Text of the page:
Adventure beckons. There are vast lands to explore, strange new monsters to hack apart, and a cast of characters you will likely fall in love with by the time their distant credits roll. We’ve all felt it – there’s a certain magic to diving into a new role-playing game (RPG) for the first time and in Octopath Traveler 2, developer Square Enix aims to capture that fresh-faced excitement not once, but eight times.
Octopath Traveler 2‘s concept is simple, yet vast. After picking from one of eight main characters to start your adventure with, you’re set loose in the vast world of Solistia – two continents divided by sea. Your main objective depends on who you selected – go with disgraced scholar Osvald and you’re in for a fiery prison break and quest for vengeance, while cowboy-merchant Partitio just wants to travel the world and make cash.
Octopath‘s real draw is that the seven characters you didn’t pick are still out there in the world, waiting to form a ragtag party of adventurers. Each of Octopath’s eight characters has a story to tell, told across several chapters that have you bouncing between all of Solistia’s vibrant settlements. A big point of criticism in the first game was that each of the game’s protagonists don’t really interact much, and although the sequel addresses this with some side-chapters shared between party members, they are few and far between – my first co-op chapter didn’t crop up until 15 hours into the game.
If that sounds like a lot of time, it is – Octopath is designed to devour your free time. It takes hours to gather all eight protagonists and play through their first chapters (though they’re skippable, if you don’t care about the story), and it’s almost impossible to keep everyone suitably levelled for their demanding chapter stories without resorting to a lot of grinding.
That’s bad news if you’re looking for a race to the credits, but Octopath Traveler 2 is all about the journey, not the destination. Solistia is a vast and gorgeous space that’s purpose-built for rambling, and the sequel introduces a few new features to make that far more fulfilling. The shiniest is a massive visual upgrade – every single area guarantees at least one jaw-dropping vista with gorgeous new lighting – but others are more practical. Spot a pier on your travel, and your party can jump into rowboats to sail along nearby rivers and lakes. Sometimes you can follow a stream to its source to snag some loot, in other cases you can navigate through entire areas without stepping off your boat.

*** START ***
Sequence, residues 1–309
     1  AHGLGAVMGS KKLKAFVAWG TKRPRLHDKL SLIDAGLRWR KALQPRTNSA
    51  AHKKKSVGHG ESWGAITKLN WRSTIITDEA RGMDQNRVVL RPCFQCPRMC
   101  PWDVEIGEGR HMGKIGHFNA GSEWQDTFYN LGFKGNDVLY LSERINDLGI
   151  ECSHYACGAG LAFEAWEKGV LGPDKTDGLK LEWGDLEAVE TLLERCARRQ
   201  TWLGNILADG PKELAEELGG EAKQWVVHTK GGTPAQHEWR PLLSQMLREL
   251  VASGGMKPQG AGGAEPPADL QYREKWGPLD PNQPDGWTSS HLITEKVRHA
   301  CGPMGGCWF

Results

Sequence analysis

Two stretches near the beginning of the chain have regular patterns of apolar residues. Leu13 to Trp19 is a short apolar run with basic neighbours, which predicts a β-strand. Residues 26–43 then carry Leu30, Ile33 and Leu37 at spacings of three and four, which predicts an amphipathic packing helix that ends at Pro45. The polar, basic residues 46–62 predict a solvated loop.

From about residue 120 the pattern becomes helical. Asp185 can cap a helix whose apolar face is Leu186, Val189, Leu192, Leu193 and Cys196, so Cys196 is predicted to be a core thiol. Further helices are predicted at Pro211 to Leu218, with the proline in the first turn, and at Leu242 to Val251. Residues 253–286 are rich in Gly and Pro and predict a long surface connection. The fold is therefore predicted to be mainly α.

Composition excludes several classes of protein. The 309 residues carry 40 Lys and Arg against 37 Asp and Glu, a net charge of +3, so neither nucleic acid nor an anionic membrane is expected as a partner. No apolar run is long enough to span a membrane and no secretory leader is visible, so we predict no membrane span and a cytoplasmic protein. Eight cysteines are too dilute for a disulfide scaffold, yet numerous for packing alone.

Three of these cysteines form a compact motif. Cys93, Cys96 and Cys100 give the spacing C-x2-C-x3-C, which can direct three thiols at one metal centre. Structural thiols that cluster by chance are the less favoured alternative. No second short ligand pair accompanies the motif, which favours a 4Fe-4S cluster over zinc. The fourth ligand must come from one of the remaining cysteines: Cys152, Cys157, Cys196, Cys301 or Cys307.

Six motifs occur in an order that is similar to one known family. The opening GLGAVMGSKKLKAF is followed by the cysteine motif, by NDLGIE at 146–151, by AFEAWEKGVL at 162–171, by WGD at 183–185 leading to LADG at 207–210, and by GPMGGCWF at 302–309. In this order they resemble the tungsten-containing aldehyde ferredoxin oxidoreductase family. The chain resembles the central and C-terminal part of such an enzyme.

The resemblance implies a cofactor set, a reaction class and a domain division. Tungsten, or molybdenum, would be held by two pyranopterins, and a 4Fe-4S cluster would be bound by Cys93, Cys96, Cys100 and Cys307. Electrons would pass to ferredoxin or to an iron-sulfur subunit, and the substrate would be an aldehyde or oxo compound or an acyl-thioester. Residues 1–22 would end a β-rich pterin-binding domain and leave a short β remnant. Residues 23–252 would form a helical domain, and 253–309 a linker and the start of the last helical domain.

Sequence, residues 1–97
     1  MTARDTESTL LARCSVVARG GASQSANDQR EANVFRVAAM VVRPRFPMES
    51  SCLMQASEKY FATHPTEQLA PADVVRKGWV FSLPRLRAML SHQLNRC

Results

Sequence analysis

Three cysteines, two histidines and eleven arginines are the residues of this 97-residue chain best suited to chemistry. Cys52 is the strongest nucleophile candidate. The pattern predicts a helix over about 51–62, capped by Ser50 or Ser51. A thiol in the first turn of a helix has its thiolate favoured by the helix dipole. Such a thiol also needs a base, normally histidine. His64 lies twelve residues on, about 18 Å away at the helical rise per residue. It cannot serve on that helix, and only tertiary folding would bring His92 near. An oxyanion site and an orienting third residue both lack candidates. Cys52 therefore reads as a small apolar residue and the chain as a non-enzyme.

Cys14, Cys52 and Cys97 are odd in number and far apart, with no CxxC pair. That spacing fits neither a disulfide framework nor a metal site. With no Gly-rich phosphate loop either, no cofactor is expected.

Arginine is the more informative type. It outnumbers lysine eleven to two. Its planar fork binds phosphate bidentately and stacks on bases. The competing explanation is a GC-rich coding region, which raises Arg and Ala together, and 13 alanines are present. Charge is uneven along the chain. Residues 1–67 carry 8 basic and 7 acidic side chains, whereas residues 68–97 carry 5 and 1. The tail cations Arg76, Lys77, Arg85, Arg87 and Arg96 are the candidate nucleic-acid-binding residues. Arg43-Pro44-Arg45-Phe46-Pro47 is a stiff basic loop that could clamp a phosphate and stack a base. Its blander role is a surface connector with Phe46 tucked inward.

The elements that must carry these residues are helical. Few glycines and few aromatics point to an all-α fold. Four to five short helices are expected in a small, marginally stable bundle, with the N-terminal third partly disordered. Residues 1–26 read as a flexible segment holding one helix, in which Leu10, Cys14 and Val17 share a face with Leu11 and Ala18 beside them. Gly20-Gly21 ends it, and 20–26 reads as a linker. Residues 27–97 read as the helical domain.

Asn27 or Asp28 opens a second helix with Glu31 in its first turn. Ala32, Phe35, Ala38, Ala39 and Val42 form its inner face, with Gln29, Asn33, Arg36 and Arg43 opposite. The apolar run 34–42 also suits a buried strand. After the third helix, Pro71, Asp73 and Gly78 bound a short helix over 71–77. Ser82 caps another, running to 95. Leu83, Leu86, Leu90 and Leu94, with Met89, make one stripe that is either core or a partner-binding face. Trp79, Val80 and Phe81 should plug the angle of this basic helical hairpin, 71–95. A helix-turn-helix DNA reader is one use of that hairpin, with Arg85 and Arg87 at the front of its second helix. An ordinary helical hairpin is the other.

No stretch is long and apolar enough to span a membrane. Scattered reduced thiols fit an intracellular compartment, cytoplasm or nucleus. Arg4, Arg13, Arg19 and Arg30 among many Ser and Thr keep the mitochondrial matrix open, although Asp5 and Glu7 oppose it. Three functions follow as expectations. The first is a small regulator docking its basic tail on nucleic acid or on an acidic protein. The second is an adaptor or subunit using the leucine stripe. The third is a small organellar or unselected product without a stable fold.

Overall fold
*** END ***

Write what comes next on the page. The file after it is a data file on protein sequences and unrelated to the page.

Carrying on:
However, it’s Octopath Traveler 2‘s new day and night cycle that shakes things up the most. At the press of a button you can swap between day and night wherever you’re standing, without any loading screens. There are a number of reasons for embracing Octopath‘s 24-hour cycle: the game’s wonderful soundtrack changes depending on the time, and the sequel’s new lighting system means it’s worth seeing areas twice just to marvel at their beauty. On the more practical end, different NPCs come out to loiter at different times, and you’re far more likely to run into random combat encounters at night – which is brilliant for passively grinding up your party to the increasingly high levels their chapters ask for. Like sailing, hopping between the sun and stars offers lots of small innovations that make your travels through Solistia feel far richer and more lifelike.